Athens, Ankara vow to warm up chilly relations
Foreign Minister Davutoğlu (R) and his counterpart Avramopoulos talk during a meeting in Athens. Greece and Turkey will restart the confidence-building process that has effectively ground to a halt over the last two years, says ministers. AA photoGreece and Turkey will hold a joint summit in January, attempting to restart the confidence-building process that has effectively ground to a halt over the last two years, the foreign ministers of the two countries said yesterday.
The second meeting of the High Level Cooperation Council will be held in January next year, in Turkey. “There is a common vision between the two countries. When we share this common vision, problems will be less important and will be solved more easily,” Turkish Foreign Minister Ahmet Davutoğlu told reporters after meeting his Greek counterpart Dimitris Avramopoulos in Athens. He said this common vision aimed to boost relations between the Turkish and Greek people and to prepare for a common future.
‘$10 bln target feasible’
“The High Level Cooperation Council will be another step forward for Greek-Turkish relations,” Avramopoulos said. “We agreed to have an open communication ... so incidents that could lead to tension can be dealt with immediately.”
Avramopoulos also noted that tourism exchanges between the two neighbors were flourishing, while Davutoğlu added that two-way trade had reached $4.1 billion and that a $10 billion target was feasible. Greek officials also raised the issue of illegal immigration with Davutoğlu, given that the bulk of scores of undocumented migrants and asylum seekers that daily cross into the country come through Turkey.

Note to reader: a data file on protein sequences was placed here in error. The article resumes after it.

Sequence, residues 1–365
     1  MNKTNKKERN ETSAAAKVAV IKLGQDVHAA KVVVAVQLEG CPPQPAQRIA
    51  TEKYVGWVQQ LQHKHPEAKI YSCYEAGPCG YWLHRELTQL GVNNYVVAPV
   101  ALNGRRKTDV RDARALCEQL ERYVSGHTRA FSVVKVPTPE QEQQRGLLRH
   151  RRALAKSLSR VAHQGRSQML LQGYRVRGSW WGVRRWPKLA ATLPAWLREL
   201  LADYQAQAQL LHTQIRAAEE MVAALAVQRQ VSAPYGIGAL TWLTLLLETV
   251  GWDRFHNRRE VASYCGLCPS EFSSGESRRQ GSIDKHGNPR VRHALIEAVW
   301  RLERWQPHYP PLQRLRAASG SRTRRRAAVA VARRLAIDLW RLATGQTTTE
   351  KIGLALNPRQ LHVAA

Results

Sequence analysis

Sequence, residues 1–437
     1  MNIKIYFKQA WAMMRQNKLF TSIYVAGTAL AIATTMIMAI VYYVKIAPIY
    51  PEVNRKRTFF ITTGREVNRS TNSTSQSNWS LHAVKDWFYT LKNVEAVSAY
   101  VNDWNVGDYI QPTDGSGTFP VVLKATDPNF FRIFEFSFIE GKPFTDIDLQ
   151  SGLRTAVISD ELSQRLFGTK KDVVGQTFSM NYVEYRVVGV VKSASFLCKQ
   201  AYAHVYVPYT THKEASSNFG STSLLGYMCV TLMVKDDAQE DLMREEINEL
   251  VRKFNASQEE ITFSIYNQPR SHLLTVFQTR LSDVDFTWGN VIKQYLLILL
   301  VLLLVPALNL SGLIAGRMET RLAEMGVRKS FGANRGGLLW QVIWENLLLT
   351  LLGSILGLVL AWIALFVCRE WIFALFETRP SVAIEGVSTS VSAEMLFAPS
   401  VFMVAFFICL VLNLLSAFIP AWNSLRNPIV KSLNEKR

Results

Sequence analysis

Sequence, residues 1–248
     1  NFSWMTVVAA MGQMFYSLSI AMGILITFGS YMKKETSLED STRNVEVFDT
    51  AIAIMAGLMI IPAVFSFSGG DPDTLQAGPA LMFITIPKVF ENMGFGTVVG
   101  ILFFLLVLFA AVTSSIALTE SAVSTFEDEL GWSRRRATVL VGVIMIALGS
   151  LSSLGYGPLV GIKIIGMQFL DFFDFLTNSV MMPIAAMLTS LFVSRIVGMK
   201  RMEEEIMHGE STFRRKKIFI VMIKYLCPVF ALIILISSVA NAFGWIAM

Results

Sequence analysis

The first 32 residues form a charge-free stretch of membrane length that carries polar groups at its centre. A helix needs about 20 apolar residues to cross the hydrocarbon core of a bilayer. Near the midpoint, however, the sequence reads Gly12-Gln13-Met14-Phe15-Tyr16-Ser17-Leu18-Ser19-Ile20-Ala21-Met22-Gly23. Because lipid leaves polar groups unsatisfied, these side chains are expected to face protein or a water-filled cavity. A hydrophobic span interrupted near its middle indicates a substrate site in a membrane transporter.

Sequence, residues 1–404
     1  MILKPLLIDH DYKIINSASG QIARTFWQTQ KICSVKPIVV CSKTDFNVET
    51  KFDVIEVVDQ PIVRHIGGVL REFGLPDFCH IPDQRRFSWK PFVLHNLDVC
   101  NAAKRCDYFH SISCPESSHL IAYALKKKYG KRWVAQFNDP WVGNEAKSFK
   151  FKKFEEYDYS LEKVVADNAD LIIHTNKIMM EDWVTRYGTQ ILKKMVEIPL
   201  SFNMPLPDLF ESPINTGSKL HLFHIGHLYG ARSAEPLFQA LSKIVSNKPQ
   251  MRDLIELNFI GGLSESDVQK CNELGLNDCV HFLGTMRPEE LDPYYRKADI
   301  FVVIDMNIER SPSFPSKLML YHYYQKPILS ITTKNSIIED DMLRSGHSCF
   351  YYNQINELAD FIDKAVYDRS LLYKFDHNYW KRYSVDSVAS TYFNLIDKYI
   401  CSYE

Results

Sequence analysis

“Some steps have been taken but more needs to be done ... It is a problem that concerns all of Europe,” Avramopoulos said. On the issue of the crisis in Syria, Davutoğlu said: “As democratic countries, we provide support to the democratic demands of the peoples in Arab countries.”
Avramopoulos said Greece supported its NATO ally and called for a political solution to the Syrian crisis. Davutoğlu also met separately with Greek Prime Minister Antonis Samaras and Greek Parliament Evangelos Meimarakis yesterday.Meanwhile, the Turkish and Greek defense ministers have decided to set up a “hotline” in the scope of reaching each other immediately in the event of extraordinary situations. They were meeting on the sidelines of a NATO Defense Ministers meeting in Brussels yesterday.
“Within the scope of contacting each other directly, finding solutions to misunderstandings, easing the nontrivial and preventing the dramatic situations that both countries’ peoples may face, we have decided to set up a direct telephone line between our two ministries,” Greek Defense Minister Panos Panayotopulos said after meeting with his Turkish counterpart İsmet Yılmaz.